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My task was to print the number of files in the current directory without using ls and wc commands.

I had typed the following lines in the script:

#!/bin/bash
find . -maxdepth 1 -type f \( ! -iname ".*" \) > list3
grep .* -c list3 > /dev/tty

The output is:

..:0
.6.1c.sh.swp:1
list3:22

while according to my understanding it should only be: 22

Why doesn't that work?

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2 Answers 2

Why grep isn't working correctly

It doesn't work because you need to tell grep that .* is the actual pattern you're looking for.

grep '.*' -c list3

If you don't use the single quotes, your shell will expand .* to the names of every file in your directory. This is called Filename Expansion. For example a.txt b.txt, so grep will see:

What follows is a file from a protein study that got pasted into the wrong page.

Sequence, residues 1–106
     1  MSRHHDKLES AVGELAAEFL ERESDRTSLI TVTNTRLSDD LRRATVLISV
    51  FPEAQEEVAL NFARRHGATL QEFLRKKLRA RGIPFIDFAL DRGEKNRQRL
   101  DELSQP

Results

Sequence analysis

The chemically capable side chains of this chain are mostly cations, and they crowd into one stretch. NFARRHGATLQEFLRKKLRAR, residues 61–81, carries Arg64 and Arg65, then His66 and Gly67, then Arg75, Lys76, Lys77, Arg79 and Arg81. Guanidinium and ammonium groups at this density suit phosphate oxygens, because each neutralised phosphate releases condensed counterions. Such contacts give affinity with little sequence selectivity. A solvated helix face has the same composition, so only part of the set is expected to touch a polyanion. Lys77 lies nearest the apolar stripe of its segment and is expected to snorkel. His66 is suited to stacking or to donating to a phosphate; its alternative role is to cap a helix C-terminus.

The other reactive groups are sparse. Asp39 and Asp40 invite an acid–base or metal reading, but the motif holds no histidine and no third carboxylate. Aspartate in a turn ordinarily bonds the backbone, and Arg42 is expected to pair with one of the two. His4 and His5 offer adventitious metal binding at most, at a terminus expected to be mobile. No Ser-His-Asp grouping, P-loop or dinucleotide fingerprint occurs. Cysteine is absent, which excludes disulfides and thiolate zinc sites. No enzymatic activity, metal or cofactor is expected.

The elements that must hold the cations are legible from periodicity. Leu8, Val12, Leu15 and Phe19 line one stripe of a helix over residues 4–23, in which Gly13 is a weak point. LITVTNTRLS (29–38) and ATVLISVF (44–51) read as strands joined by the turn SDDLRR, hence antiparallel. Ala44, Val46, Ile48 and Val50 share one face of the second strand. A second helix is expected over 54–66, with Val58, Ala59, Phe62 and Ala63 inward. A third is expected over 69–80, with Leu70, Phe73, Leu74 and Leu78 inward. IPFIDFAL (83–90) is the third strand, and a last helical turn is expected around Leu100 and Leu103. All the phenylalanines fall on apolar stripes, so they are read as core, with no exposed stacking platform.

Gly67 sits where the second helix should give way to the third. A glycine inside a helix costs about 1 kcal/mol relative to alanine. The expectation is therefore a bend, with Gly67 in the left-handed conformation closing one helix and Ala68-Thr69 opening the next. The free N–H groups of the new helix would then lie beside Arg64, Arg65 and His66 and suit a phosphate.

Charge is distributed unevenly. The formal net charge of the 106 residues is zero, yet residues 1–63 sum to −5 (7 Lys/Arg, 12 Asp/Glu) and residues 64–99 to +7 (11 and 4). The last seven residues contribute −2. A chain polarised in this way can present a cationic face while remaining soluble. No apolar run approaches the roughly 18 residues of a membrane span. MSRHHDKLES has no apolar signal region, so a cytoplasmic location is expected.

grep a.txt b.txt -c list3

Since single quotes prevent expansion from happening, this is the way to go here.


Where your grep command is wrong:

By the way, you're going the wrong direction with the pattern here. The period . in a regular expression matches any character, and not the literal dot. See the man page for more info. So your regex currently says: "find any character and then a sequence of any character". Quite redundant.

If you actually mean to match:

[dot] [anything else]

… you need to escape the dot:

\.*

Where your find command could be improved:

I don't know what you mean to get rid of by

\( ! -iname ".*" \)

Your find command will prefix any file with the dot for the current working directory, thus you won't remove anything here. You could have just run:

find . -maxdepth 1 -type f
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To address the original problem, counting files without ls and wc:

Pure shell syntax:

files=0
for i in *; do
    [ -f "${i}" ] && files=$((files+1))
done
echo ${files}

To add hidden files to the count, just change the globbing settings prior to the for loop.

Alternatively: fun with find and shell expansion:

echo $(($(find -maxdepth 1 -type f -printf '+1')))
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